On an average day, a dozen or so patients arrive at the sprawling Maine Medical Center in Portland for bone scans, tests for heart or gallbladder problems, or dozens of other tests performed with the radioactive isotope technetium-99m. When injected into a patient’s vein, TC-99m, mixed with a “tracer” chemical, knows exactly which part of the body to target. From there the radioactive isotope emits gamma rays that transmit an image to a camera, enabling specialists to check for tumors, gauge blood flow through the heart, monitor kidney function or examine a number of other conditions.
TC-99m is a diagnostician’s dream: It produces what Chet Bradbury, who as Maine Med’s chief nuclear medicine technologist often uses such isotopes, calls a “pretty picture.” By that he means the image’s exceptional clarity makes a medical decision easy to reach.
It’s also ideal for patients. The high-quality image is reliable enough to frequently bypass exploratory surgery. And because TC-99m is active so briefly, patients receive minimal amounts of radiation.
Each year in the United States, about 22.5 million nuclear medicine diagnostic procedures are performed; of those, about 18.5 million use TC-99m. But despite the isotope’s crucial role in detecting life-threatening diseases, few countries produce it and supplies at times run dangerously low.
Many experts say it doesn’t have to be that way. In fact, they insist, a different method of production must be developed. To appreciate why, you must first understand the current production system.
Today companies in only five countries—Canada, the Netherlands, Belgium, France and South Africa—produce medical isotopes. The United States used to, but hasn’t since 1989, when the sole domestic manufacturer, in Tuxedo, N.Y., closed because its reactor was leaking radioactivity.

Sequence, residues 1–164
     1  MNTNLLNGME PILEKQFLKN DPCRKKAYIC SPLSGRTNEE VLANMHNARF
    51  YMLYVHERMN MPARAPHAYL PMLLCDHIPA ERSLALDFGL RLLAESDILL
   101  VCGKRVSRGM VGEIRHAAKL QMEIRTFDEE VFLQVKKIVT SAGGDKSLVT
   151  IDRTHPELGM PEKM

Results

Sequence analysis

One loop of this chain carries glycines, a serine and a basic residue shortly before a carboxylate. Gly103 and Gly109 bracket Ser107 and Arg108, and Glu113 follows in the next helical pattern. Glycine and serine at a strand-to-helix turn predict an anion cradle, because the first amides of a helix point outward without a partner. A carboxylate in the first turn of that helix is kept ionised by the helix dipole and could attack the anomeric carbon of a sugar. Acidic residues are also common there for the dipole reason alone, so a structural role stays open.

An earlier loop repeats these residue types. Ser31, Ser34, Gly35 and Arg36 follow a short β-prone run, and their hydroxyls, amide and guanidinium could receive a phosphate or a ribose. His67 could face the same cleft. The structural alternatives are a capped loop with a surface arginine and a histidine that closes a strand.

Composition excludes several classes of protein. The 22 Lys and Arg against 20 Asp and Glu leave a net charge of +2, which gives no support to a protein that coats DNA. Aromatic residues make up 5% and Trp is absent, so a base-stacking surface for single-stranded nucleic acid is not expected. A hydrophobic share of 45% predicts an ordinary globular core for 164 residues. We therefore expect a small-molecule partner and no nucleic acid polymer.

While the United States has no facility for producing the isotopes, it does have something the five global producers do not have: An abundance of the raw material used in processing TC-99m. That material is highly enriched, weapons-grade uranium.
To the dismay of officials in charge of anti-terrorism efforts, the U.S. government each year ships about 187 pounds of highly enriched uranium—the stuff of nuclear bombs—from its weapon stockpiles to the isotope-producing countries. The bomb dropped on Hiroshima contained about 140 pounds of highly enriched uranium.
Of the U.S. shipments, about 44 pounds reaches the National Research Universal reactor in Chalk River, Ontario. There, the uranium is bombarded with neutrons, yielding the metal molybdenum-99. The molybdenum-99 is placed in lead-shielded cylinders and immediately shipped to nuclear pharmacies around the world, including 500 in the United States. The pharmacies then extract the TC-99m isotope to be injected in patients.
The United States typically gets about 60 percent of its supply of molybdenum-99 from Chalk River and another 40 percent from the High Flux Reactor (also known as Petten) in the Netherlands. When the United States halted production of TC-99m, Canada offered assurances that it could meet U.S. demands. Canada promised to build two reactors near the Chalk River facility, which began operating in 1957.
Those two backup reactors never began operating. After millions in cost overruns, delays and serious safety issues, Canada permanently mothballed the reactors and declared its intention to get out of the isotope business entirely.
A report released in January 2009 by the National Academy of Sciences painted an alarming picture about the unreliability of supplies from Chalk River and the other major U.S. supplier, the 48-year-old reactor in the Netherlands. (The reactors in France, Belgium and South Africa are almost as old.) The findings fueled calls for the United States to pursue its own domestic isotope supply.
Far sooner than anyone predicted, that need became apparent.